By Matthew Liebenberg
A flag raising ceremony was held at Market Square in downtown Swift Current on Aug. 24 to recognize the 31st anniversary of Ukrainian independence.
The event was arranged by the Southwest Newcomer Welcome Centre and Swift Current Mayor Al Bridal participated in proceedings.
There was a somber tone to proceedings, as this day was also the six-month mark of the Russian invasion of Ukraine. The event was attended by community members from Ukraine, some who have been living in the Swift Current area for some time and others who arrived recently after the war started.
Ukraine declared independence from the Soviet Union on Aug. 24, 1991. Canada was the first western country to recognize Ukraine’s independence a few months later on Dec. 2.
Mayor Bridal raised the Ukrainian flag during the short ceremony on Market Square and brought greetings on behalf of City council and administration.
“I’m honoured to be invited among the Ukrainian newcomers here today as you exhibit this patriotic pride in an environment that is safe, welcoming and supportive,” he said.
He made a reference to the recent Russian invasion, which is posing a threat to the independence and freedom of Ukraine as a country and nation.
“I will be remiss if I didn’t acknowledge that along with celebration today, there is also sorrow in Ukraine weighing heavy on many hearts,” he said. “Today marks six months of war and incredible hardships that I can’t imagine and none of us in Canada can. We share in these difficult emotions with you and we admire your hope, strength and courage in these tough times for Ukraine.”
He spoke about the deeper meaning of flags and anthems as symbols of civic pride and identity, which give them a special relevance.
“This sight of the Ukrainian flag flying in the wind, the melody of the anthem sung today, ringing out across the market, is both beautiful and bitter sweet, and hits right to the heart,” he said. “This city is proud to have you as residents and we gratefully celebrate with you today, and we do pray for the future of Ukraine. And just on a personal note, it’s hard to imagine what I see on the news and I can’t imagine with some of your families there and your loved ones there, and my heart goes out to you.”
Icasiana de Gala, the executive director of the Southwest Newcomer Welcome Centre, also spoke during the event. She noted that Ukraine’s independence was acquired not too long ago and she expressed hope for the country’s future.
“It’s a young independence, but kudos to Ukraine for claiming that independence, which now is being threatened again,” she said. “We hope that this war will be over soon so that those who are able to come home, can come home.”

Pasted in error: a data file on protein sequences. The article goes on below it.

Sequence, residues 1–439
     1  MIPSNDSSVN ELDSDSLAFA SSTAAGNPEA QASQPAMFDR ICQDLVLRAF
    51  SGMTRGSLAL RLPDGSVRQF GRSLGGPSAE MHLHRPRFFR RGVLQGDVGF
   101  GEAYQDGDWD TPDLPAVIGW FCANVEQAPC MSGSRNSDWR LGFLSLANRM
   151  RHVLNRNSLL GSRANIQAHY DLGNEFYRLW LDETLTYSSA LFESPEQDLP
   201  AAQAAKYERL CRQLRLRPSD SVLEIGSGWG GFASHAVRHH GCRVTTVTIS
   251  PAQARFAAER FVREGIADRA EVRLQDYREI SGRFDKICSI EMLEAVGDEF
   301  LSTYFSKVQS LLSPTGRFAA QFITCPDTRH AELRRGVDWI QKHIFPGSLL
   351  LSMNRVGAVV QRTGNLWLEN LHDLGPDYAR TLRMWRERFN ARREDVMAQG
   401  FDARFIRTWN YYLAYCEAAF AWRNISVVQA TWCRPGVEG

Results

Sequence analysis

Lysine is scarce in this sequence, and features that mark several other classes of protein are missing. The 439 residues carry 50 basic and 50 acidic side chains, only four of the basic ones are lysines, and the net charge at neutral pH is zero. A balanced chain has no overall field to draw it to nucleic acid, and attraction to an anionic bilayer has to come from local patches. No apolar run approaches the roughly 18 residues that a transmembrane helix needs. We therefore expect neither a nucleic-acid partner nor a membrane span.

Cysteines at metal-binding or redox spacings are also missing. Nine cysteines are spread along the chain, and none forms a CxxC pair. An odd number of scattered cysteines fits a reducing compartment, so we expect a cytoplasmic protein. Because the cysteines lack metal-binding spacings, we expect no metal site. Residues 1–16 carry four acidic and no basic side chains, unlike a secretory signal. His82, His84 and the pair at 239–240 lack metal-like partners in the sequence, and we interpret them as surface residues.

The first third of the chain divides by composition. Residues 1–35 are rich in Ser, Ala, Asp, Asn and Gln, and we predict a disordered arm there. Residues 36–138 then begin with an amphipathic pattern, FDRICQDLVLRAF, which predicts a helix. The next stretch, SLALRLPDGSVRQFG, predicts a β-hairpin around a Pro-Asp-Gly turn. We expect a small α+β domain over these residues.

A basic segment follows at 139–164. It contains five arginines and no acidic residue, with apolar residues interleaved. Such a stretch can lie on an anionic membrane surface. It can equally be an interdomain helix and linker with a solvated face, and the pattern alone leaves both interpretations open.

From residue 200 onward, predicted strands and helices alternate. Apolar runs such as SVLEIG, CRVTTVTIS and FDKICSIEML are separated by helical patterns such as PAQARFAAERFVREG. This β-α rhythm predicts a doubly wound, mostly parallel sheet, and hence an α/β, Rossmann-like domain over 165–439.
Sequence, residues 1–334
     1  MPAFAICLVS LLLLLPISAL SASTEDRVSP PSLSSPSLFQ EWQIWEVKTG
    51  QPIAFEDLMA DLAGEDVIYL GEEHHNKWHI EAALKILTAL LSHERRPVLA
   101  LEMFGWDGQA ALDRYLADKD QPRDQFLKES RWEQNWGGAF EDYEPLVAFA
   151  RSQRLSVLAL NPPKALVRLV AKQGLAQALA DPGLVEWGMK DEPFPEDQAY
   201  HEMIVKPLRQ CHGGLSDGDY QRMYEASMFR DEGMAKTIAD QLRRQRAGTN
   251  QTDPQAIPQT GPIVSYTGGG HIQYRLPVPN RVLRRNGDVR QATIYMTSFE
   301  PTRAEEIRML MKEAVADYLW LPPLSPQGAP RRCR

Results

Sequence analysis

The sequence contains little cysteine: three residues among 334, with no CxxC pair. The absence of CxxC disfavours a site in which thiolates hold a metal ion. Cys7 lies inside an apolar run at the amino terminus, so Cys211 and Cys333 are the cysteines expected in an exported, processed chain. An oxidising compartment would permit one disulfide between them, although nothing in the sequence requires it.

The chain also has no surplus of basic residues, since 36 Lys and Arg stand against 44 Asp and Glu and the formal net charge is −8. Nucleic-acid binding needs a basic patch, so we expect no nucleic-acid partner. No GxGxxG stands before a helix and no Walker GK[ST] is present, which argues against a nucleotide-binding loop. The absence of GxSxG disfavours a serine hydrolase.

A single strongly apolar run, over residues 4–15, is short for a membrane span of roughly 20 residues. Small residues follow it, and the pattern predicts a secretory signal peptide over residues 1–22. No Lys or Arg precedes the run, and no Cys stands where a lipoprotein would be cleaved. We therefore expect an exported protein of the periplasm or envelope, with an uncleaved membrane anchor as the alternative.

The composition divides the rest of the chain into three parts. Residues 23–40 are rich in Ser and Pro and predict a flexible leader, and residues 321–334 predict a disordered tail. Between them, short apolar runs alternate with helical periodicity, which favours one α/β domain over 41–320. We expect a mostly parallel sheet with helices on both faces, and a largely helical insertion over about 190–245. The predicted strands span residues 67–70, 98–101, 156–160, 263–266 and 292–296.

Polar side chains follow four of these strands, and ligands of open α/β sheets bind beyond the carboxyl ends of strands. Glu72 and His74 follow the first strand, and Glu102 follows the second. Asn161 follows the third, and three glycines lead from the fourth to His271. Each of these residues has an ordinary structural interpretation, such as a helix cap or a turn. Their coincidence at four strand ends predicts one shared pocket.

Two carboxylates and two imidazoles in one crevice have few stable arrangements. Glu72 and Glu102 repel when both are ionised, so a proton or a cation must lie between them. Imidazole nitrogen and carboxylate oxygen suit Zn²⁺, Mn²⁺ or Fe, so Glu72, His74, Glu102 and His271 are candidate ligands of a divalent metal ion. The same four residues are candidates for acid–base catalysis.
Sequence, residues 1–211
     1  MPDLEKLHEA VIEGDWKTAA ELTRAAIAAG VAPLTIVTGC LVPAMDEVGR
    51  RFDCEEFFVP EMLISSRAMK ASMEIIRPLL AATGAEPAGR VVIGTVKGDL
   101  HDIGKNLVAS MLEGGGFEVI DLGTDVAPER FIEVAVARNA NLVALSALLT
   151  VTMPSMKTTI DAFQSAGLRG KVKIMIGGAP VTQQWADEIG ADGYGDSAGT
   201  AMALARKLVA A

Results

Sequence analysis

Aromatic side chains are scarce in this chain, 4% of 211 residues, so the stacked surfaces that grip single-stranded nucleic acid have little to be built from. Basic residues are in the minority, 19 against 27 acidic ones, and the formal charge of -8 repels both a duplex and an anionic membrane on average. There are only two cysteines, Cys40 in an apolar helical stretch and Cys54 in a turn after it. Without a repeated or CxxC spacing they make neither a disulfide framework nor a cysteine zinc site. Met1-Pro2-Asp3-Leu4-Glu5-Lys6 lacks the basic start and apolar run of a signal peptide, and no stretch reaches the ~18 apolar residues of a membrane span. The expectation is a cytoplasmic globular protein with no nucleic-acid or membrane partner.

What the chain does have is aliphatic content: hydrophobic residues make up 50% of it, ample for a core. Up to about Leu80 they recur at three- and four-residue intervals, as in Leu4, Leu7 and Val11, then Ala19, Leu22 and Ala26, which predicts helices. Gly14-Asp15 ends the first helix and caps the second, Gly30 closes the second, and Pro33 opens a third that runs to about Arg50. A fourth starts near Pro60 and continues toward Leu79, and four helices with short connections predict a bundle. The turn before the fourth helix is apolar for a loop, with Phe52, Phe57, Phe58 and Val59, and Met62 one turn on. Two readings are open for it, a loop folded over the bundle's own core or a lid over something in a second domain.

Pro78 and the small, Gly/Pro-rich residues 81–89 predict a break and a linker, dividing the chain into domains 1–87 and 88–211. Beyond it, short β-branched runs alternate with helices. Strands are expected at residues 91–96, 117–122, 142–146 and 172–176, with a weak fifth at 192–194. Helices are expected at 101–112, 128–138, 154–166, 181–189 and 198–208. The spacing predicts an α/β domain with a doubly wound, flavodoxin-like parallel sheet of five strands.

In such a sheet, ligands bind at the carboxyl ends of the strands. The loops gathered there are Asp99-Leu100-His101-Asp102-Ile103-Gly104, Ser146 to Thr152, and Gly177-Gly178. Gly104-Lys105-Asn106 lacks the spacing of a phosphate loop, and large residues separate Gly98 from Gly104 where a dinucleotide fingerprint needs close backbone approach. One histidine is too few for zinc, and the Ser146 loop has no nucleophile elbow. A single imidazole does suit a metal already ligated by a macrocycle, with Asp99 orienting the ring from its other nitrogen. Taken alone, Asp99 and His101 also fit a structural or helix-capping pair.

She mentioned that the Southwest Newcomer Centre provides services to newcomers, including Ukrainians, and she expressed appreciation for those supporting their work.
“Thank you to the community and not just to Swift Current, but to the southwest community for providing that support, not just to Ukrainians but to so many other newcomers,” she said.
Serhii Zaplatin, who recently arrived in Swift Current, expressed appreciation on behalf of the Ukrainian community for this show of support. He is from the central part of Ukraine.
“All I want to say is thanks everyone who comes here, who give their time,” he said. “Thank you for gathering, for remembering this day, and remembering everything about Ukraine. And I want to also thank all the people who made this for us and they’re trying to make us a big family here. Thank you everyone who’s here, thanks everyone who did it, and I’m really grateful.”
Daryna Shten, who has been a Swift Current resident for almost two years, sang the Ukrainian national anthem during the flag raising.
“We worry about our independence, that’s why we are here today,” she told the Prairie Post. “We would like to show people in Ukraine that all the Ukrainians all around the world support Ukraine and believe in our win. We will win and it’s really important for us and for people who stay in Ukraine now.”
She worries about the safety of her family and relatives in central Ukraine. Even though they are not currently in an area of the country directly affected by the war, there is always uncertainty about what might happen to them.
“My family is safe now, but in Ukraine now it’s not safe,” she said. “I’m talking with my family every day and in my mind always I’m afraid that my family is gone. It’s really terrible.”